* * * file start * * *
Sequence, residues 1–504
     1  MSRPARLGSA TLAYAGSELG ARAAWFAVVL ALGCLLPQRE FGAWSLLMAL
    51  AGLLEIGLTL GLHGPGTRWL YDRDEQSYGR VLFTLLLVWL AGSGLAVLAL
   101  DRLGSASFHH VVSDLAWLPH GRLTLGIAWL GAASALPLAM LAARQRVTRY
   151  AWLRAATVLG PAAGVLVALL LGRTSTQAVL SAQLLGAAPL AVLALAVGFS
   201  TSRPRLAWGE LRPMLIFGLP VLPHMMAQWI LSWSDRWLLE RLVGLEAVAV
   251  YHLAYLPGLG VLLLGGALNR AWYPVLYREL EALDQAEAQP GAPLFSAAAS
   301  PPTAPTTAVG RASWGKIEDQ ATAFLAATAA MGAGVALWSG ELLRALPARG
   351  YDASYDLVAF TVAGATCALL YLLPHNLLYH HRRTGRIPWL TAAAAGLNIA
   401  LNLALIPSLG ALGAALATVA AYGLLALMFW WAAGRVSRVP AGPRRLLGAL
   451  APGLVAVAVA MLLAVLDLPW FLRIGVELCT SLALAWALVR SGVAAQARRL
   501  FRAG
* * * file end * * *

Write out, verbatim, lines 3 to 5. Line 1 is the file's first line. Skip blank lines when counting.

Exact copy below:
    51  AGLLEIGLTL GLHGPGTRWL YDRDEQSYGR VLFTLLLVWL AGSGLAVLAL
   101  DRLGSASFHH VVSDLAWLPH GRLTLGIAWL GAASALPLAM LAARQRVTRY
   151  AWLRAATVLG PAAGVLVALL LGRTSTQAVL SAQLLGAAPL AVLALAVGFS